In 1992 Lori entered into a contract with the United States Government for elevator repair work at the VA Lakeside Medical Center (Complaint P5), and Intercargo executed a payment bond on the contract (id. P6). In July 1992 Lori and Automatic entered into a written subcontract (the "Subcontract") under which Automatic agreed to furnish labor and materials to replace a freight elevator with a new elevator at a contract price of $ 56,560 (id. P7).

 Lori later asked that Automatic perform additional work beyond the scope of the Subcontract (id. P8). Automatic did the work (id. P9) and says that Lori owes it $ 9,197 (id. P10).

 Act's Statute of Limitations

 Section 270b(b) states (emphasis added):


Every suit instituted under this section shall be brought in the name of the United States for the use of the person suing, in the United States District Court for any district in which the contract was to be performed and executed and not elsewhere, irrespective of the amount in controversy in such suit, but no such suit shall be commenced after the expiration of one year after the day on which the last of the labor was performed or material was supplied by him.

 Defendants urge that the day on which the limitations clock began to tick was July 30, 1994, in confirmation of which they have tendered an Acceptance of Equipment form submitted by Automatic and signed by Lori on that date (D. Motion Ex. B). On that premise Automatic's filing of this action on November 29, 1995 came some four months after the Act had already barred the claim.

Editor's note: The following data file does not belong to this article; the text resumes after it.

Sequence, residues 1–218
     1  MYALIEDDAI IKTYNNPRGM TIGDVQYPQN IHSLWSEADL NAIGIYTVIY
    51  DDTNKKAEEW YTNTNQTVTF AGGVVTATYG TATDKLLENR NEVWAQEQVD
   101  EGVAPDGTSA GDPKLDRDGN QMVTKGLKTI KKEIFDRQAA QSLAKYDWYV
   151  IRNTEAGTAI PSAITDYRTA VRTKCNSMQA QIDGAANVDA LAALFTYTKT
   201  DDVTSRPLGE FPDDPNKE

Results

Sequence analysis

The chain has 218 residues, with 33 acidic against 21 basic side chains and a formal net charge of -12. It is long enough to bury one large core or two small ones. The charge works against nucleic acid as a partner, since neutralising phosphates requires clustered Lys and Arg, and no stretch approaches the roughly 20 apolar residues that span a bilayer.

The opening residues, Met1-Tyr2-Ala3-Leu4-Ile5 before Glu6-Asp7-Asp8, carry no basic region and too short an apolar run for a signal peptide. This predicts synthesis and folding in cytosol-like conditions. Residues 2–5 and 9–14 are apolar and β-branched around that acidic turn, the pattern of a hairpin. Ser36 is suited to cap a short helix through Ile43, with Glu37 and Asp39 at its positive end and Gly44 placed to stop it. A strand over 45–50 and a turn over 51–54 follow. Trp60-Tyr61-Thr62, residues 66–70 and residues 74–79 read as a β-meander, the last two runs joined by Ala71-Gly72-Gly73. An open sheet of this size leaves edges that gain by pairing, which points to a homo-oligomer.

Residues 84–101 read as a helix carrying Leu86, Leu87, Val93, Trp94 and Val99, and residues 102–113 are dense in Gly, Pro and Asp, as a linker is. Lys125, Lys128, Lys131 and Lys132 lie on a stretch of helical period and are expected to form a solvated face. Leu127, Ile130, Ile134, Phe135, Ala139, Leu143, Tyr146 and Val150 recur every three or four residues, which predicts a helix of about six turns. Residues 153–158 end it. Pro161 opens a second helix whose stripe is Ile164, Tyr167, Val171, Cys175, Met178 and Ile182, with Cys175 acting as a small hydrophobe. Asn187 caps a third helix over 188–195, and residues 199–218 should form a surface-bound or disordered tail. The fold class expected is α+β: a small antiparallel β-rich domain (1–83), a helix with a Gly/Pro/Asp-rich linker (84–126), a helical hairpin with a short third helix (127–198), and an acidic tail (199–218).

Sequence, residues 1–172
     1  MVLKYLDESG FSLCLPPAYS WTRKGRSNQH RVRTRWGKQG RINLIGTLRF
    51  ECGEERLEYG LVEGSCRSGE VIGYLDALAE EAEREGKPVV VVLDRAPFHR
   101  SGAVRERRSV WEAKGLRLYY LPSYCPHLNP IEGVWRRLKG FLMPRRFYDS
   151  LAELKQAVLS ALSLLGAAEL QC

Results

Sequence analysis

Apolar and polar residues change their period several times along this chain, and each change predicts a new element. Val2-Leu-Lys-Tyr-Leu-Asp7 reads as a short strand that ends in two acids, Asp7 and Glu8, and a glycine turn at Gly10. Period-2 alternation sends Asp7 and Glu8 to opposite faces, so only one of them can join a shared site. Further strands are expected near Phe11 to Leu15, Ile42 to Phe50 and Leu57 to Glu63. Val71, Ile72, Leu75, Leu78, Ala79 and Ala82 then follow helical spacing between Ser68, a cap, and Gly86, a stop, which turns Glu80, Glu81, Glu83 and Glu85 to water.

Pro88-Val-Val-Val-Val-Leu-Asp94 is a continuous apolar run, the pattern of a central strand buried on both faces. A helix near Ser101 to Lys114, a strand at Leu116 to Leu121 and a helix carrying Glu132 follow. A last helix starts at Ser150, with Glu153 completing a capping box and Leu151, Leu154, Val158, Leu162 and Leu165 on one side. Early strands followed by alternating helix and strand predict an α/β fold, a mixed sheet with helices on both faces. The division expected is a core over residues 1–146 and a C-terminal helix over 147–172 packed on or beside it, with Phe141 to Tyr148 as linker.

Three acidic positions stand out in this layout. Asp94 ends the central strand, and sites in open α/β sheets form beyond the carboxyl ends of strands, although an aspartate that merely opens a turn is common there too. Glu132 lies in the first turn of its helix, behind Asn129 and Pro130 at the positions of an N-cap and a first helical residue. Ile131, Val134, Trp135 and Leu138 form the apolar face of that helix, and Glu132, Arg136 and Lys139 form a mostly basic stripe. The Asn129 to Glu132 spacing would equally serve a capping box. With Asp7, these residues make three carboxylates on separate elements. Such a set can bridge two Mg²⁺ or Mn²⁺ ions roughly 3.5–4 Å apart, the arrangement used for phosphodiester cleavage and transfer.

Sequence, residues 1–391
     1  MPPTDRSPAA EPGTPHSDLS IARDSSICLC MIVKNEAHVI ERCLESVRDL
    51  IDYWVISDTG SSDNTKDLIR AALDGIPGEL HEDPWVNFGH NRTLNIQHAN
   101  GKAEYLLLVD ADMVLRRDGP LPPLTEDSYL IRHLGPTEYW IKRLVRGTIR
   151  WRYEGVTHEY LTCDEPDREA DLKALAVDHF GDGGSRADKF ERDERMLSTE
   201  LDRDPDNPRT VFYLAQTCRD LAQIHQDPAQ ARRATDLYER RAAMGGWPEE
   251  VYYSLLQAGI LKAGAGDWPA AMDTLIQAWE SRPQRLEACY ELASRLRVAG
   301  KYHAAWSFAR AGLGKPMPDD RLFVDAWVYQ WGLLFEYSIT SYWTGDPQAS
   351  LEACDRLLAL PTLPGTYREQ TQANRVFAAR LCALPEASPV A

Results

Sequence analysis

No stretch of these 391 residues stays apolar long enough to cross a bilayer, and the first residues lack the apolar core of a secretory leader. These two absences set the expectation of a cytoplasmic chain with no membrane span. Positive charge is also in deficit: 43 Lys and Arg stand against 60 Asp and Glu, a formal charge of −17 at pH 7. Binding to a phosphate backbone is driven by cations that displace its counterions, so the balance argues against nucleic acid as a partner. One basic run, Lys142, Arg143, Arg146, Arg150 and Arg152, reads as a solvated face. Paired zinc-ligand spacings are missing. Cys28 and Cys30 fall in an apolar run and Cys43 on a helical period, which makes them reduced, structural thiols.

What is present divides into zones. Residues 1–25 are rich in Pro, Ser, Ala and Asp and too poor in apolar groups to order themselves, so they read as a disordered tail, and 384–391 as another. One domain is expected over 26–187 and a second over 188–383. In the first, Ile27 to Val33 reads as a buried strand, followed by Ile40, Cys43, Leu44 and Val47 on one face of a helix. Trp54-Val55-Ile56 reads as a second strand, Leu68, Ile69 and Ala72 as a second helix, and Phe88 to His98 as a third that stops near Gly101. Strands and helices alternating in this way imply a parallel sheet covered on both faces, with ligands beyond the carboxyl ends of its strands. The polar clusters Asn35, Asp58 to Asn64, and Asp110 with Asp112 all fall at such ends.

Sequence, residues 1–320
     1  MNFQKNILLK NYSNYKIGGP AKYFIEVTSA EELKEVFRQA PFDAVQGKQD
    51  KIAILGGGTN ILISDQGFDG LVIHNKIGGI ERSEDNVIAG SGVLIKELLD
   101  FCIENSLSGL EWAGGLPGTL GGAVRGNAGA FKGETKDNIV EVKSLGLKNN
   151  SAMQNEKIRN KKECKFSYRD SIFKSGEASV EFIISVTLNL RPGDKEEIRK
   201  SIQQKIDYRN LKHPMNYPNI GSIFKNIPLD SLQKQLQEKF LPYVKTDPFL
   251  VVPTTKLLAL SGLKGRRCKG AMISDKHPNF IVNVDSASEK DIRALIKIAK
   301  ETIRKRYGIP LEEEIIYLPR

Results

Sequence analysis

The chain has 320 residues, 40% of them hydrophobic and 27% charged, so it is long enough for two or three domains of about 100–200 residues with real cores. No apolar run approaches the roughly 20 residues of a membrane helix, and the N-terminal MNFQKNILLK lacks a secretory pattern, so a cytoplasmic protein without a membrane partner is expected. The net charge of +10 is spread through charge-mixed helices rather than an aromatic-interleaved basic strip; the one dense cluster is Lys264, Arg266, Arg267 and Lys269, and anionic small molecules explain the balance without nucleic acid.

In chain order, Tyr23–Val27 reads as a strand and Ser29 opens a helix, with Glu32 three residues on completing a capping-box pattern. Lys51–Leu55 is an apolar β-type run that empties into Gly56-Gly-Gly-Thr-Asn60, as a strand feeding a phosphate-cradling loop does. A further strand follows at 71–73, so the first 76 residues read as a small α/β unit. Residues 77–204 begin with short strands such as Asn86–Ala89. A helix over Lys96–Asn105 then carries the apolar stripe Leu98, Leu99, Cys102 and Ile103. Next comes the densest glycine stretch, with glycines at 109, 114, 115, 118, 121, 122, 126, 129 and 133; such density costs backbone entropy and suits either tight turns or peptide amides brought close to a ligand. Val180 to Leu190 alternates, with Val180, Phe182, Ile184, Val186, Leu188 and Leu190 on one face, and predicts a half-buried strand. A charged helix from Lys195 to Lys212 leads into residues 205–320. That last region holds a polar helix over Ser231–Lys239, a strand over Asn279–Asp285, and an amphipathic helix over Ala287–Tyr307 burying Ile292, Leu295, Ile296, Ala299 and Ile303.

Automatic does not quarrel with the July 30 completion date--after all, it itself asked Lori to confirm its Acceptance of Equipment by executing the form that designated that date. Instead Automatic says that on December 15, 1994 it performed warranty work pursuant to this provision of Subcontract Art. 8:


WARRANTY. Subcontractor warrants its work against all deficiencies and defects in materials and/or workmanship and agrees to satisfy same without cost to Owner or Contractor for a period of one (1) year from the date of Substantial Completion of the elevator or per Contract Documents, whichever is longer. *fn2"

 Automatic fixes on that later-performed warranty work to contend that its November 29, 1995 filing was really within the one-year statute of limitations.

 Thus the legal issue is joined: Does the Act's limitations period run from the last date on which labor was performed or materials were supplied to fulfill the terms of a contract, or from the later date on which labor was performed or materials were supplied pursuant to a contractual post-completion warranty? Although that poses a question of first impression in this Circuit, *fn3" the case law elsewhere consistently adopts the former approach, so that Automatic's lawsuit must be dismissed.